Which Joe gave his name to ‘sloppy joes’? We look at five interesting sandwiches and their lexical origins.
1A small, rapidly moving meteor burning up on entering the earth's atmosphere.
- ‘It was not a satellite, meteor or shooting star.’
- ‘A sudden gleam shined brightly in the pale pink and yellow horizon, falling downward to earth like a shooting star.’
- ‘She said she had seen a brilliant green shooting star earlier in the evening.’
- ‘It was falling down fast like a shooting star or a meteor and I was waiting to hear an explosion.’
- ‘The appearance of comets in photographs can give the erroneous impression that they streak through the night sky like a meteor or a shooting star.’
- ‘She looked back out the window; she was hoping to see another shooting star so she could make another wish, only to be greeted by her breath fogging up the window.’
- ‘It's a piece of a shooting star that falls to Earth.’
- ‘However, the meteors or shooting stars last for only a few seconds.’
- ‘Meteors, also called shooting stars, are really streaks of light that flash across the sky as bits of dust and rock in space collide with the Earth's upper atmosphere and vaporize.’
- ‘It flew silently, lower and faster than any airplane normally would, and slower and longer than any shooting star I've ever witnessed.’
- ‘Within a minute we saw a slow red shooting star cross the summer night sky.’
- ‘Small shooting stars tore through the atmosphere.’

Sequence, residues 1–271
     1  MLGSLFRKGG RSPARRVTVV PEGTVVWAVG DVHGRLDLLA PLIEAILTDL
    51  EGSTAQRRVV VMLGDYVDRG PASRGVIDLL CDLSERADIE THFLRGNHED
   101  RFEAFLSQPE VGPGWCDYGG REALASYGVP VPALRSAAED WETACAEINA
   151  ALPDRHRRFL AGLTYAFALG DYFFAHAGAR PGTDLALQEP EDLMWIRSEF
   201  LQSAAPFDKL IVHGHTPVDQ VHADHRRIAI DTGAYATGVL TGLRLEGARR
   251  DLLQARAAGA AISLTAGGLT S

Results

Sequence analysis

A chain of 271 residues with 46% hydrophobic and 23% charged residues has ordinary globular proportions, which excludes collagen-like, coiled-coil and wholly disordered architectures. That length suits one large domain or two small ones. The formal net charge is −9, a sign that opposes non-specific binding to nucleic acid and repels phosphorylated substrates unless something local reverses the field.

- ‘She then looked at us, and said, ‘Look, shooting star!’’
- ‘That's much larger than the dust grains that vaporize in the atmosphere to form most shooting stars, or meteors, but not large enough to crater Earth's crust.’
- ‘Diego whispered, ‘So what did you wish for on that shooting star?’’
- ‘Where the heck is this shooting star of yours, anyway?’
- ‘The night sky should be exploding with celestial activity as one of the most impressive shooting star showers of the year takes place this week.’
- ‘Tiny meteors, commonly called shooting stars, hit the earth's atmosphere and turn into fiery streaks.’
- ‘The girl tilted her head back, once again hoping for that shooting star, for a flicker of hope of a granted wish.’
- ‘It was too large to be a shooting star, too fast to be something actually entering the atmosphere, and too realistic to be anything but a figment of my imagination.’
2A North American plant of the primrose family, with white, pink, or purple hanging flowers with backward curving petals. The flowers are carried above the leaves on slender stems and turn to face up following fertilization.
We take a look at several popular, though confusing, punctuation marks.
From Afghanistan to Zimbabwe, discover surprising and intriguing language facts from around the globe.
The definitions of ‘buddy’ and ‘bro’ in the OED have recently been revised. We explore their history and increase in popularity.